would grade the best 225 and remove to 101%. we didn't have enough bills. so the three hours on the floor. i got a lot of heat for my leadership to switch my bow. without the critical access hospital, the reimbursement of 101%, many of my wordy nine hospitals would not be here. the hospitals may not be here if we would have done that in 2003. the point is free of seven democrats were for the bill. 19 republicans passed by one vote. the reason again as i saw an opportunity and i went to make it happen. that's the kind of thing we need in washington not only in hospitals, but farm bills and other things and i ask for your vote november 4th. >> moderator: thank you, gentlemen. that's all the time we have for this evenings debate. but like to thank the candidates for joining us. most importantly it would like
be many churches that are saxby chambliss is retiring after two terms in office. whenever you see committee would produce and democrat michelle noncom or daughter of former senator sam nunn. recent debate between the candidates. first, look at the campaign ads running in georgia. >> i am michelle nunn and i approve this message. >> within 60 years ago and today is the leading manufacturer of north america. when i hear david produce say he's proud to have outsource jobs to other parts of the world, i have to wonder, every time we invest in georgia workers, they can compete with anyone in the world. so i don't know how you can be proud of having sent american jobs overseas. >> david perdue helped create and save thousands of jobs in america. we want to know where she is on jobs, education, national security. she never says.
that's because she supports president about his agenda. >> we don't need more about policies. we need a new direction. that is david perdue. >> david perdue. >> i am david perdue and i approve this message. >> i am michelle nunn and i per this message. the make david perdue is outsourcing reports. >> david perdue ceo of dollar general said he spent most of his career training is job service needs. >> can you describe your expansive outsourcing? >> he said yes i spent most of my crew do not. >> when asked how he defends outsourcing, perdue doubled down. >> david perdue, he's not for you. >> michelle nunn admit she's too liberal and give organizations linked to terrorists. the nunn attacked pretty without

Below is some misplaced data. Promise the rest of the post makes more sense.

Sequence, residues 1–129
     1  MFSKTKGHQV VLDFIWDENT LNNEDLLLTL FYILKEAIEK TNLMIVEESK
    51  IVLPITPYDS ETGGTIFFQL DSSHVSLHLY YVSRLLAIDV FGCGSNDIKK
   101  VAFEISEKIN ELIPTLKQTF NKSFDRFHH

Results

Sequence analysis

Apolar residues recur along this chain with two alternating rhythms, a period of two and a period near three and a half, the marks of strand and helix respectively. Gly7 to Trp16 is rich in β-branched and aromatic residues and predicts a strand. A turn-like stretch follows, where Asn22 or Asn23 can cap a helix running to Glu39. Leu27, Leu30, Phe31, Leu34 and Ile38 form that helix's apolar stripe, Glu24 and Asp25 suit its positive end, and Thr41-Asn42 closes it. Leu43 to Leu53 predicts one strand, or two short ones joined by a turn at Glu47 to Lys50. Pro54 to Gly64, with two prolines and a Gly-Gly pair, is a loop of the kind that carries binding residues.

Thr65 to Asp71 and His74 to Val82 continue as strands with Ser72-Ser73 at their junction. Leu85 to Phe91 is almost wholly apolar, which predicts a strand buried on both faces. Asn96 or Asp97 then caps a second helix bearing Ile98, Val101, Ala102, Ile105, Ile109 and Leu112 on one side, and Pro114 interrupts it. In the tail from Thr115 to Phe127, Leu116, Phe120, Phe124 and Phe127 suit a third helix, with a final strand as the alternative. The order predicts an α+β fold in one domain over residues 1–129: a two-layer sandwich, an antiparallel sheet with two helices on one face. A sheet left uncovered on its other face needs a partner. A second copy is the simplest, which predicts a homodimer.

the independent fact checkers called mostly false any stretch. >> david perdue spent his career creating thousands of jobs. perdue will bring, tends to washington. >> i am david perdue and i approve this message. >> during your tenure at dollar general, you would over $40 million in yet there were 2000 women that sued the company during your tenure and said they were paid less than their first they were paid less. given your experience there, i wonder if you would join me today and actually supporting the paycheck fairness act, which would help ensure that all women are paid equally to their counterparts. >> thank you, michelle. this new law would only serve to plaintiffs lawyers of our country.
i worked my entire life supporting people were work. this is another fault the actors proven by independent fact checkers. when you look at the reason why she's trying to distract us away from the real issue of job creation, you understand why. the obamacare law, the signature law of this president is killing 2.5 million jobs right now. we said that. yet she supports it. she would even ask an outlaw. i'm sorry, but when 400,000 georgians are no more upon our no more have gone through no more upon our food stamps that have gotten jobs, that is not the kind of what we need. the epa's killing thousands of jobs in their energy and utility industries today. it's no wonder barack obama wants michelle nunn to fight for you. the people of georgia want somebody to be a champion for them and fight for their families. >> moderator: david, and the people of georgia want someone to fight for them and the women deserve someone who will fight
to make sure that they are paid equally. right now, georgia women are paid 81 cents on the dollar to them. i don't think that is satisfied are you. actions speak a lot hotter than words and clearly in terms of history and experience, i feel you would be in a position to say we need to do better here and we must. in fact, every time we actually have the opportunity to talk about a sensitive issue like this, you move it to a commerce nation in which you decide you were running against the president. i think again that women and families deserve pay equity and i am disappointed you won't join me and actually advancing the goal. perdue: michelle come i absolutely agree. there's always improvement around the world. but i haven't gotten you get to talk about obamacare. you brag it is a great girl. i support the president on this